Video Games Help Astronauts Prepare for Deep-Space Missions

Venturing into deep space is an unprecedented challenge for humanity, both in terms of technology and human psychology. Starting this week, six people will prepare to face that challenge with the help of three video games.

As part of the European Space Agency's (ESA) preparations for future missions to Mars and beyond, six astronauts are entering an isolation unit in Moscow this week. They'll remain there for 520 days, testing hardware, software and their own responses to being in such close quarters for more than a year.

In the process, ESA researchers hope to refine "e-partners," or electronic systems that will monitor human crew and assist in the event of an emergency. That's where the video games come in.

In a deep-space mission, "the teams are out there alone," Mikael Wolff of ESA's Software Systems Division told TechNewsDaily. "We want to improve the communication between them and the electronic agents."

To do so, the team developed three games for the astronauts to play on a biweekly basis. The first is a module that will simulate the kind of on-the-job training astronauts will need to refresh their knowledge during long missions. In this module, the astronauts work in groups of three, with one as the teacher and two as the students.

The next game is a social networking activity in which the astronauts have to work together to move around on-screen colored trails. By monitoring the astronauts' cooperative behaviors, the researchers hope to learn how individual team members interact and whether those interactions change over time. These group dynamics are important in a high-pressured, isolated environment, said Mark Neerincx of the Netherlands Organization for Applied Scientific Research, who is overseeing the project.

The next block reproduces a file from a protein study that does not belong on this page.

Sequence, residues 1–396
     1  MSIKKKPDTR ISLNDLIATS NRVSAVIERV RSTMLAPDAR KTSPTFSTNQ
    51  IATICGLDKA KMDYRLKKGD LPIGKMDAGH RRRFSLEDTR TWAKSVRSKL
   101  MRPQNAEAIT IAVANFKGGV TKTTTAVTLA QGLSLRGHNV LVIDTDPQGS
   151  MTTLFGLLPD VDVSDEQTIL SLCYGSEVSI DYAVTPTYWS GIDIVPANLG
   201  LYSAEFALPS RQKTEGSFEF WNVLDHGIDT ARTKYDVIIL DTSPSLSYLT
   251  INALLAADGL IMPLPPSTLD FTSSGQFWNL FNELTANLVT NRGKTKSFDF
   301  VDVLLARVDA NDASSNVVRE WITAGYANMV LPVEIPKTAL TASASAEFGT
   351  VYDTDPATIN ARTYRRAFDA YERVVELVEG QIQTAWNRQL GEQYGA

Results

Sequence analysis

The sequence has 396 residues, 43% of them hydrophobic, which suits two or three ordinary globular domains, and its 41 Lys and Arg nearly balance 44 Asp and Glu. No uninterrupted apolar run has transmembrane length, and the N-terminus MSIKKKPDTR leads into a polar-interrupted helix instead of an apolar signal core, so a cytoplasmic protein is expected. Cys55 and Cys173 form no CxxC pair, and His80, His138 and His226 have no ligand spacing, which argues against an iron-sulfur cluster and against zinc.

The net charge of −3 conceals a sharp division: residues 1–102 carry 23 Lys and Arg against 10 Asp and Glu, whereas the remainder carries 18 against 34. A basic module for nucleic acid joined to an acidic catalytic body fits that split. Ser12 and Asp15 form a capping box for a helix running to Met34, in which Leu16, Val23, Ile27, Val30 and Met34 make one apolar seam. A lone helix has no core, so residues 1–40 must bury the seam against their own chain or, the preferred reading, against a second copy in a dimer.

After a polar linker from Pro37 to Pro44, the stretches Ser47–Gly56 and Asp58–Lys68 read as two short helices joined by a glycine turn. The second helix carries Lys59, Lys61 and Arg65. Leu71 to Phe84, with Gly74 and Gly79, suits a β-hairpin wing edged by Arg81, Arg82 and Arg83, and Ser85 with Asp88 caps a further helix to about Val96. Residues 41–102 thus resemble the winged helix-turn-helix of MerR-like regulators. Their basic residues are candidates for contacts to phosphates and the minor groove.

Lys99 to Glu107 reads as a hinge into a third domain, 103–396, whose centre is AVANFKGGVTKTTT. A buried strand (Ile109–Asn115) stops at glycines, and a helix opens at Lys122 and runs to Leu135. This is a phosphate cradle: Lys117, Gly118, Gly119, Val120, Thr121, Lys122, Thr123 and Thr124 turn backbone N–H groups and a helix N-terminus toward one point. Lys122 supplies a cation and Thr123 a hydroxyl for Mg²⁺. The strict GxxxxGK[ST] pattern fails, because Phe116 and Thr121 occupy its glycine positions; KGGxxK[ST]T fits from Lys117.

"One important question in this situation is whether we can generalize [the game] to normal operations and whether we see specific patterns in their communications with each other," Neerincx said.

Finally, the astronauts will get a chance to relax by playing a lunar landing game. The hope is that leisure-time gaming will boost the astronauts' moods, Wolff said.

The astronauts will fill out questionnaires about their emotions and moods before and after all of the games, and their game performance will be recorded. They'll also be monitored by Web cam to test how well crews on the ground can gauge the emotions of the crew in space.

Unlike current space missions, where ground control and astronauts are in near-constant communication, deep space exploration will take astronauts far outside the realm of easy contact. Signals will take hours to reach Earth, Neerincx said, so astronauts have to be able to solve problems on their own. To do so, they'll need software that's easy to use, supportive and responsive to changing situations.

The software being tested has already gone through one 105-day isolation trial, said Wolff. Using data from that study, researchers were able to improve their communications network and add more realistic tasks to their modules. This time around, they hope to gather enough data from the training module to automate the system so that the computer would do the training without a human instructor. They also hope to monitor the astronaut's performance to better understand how to allocate the day-to-day tasks of running a deep-space mission.

Next year, the team hopes to take the experiments one step further by re-testing the software at Europe's Concordia base in the Antarctic, where astronauts will be asked to carry out real scientific tasks, not just simulations. Eventually, they hope to test the system on the International Space Station.

"Our experiments mainly look very similar, but the people are going to be in another environment," Wolff said. "The results may be different."

Stephanie Pappas
Live Science Contributor

Stephanie Pappas is a contributing writer for Live Science, covering topics ranging from geoscience to archaeology to the human brain and behavior. She was previously a senior writer for Live Science but is now a freelancer based in Denver, Colorado, and regularly contributes to Scientific American and The Monitor, the monthly magazine of the American Psychological Association. Stephanie received a bachelor's degree in psychology from the University of South Carolina and a graduate certificate in science communication from the University of California, Santa Cruz.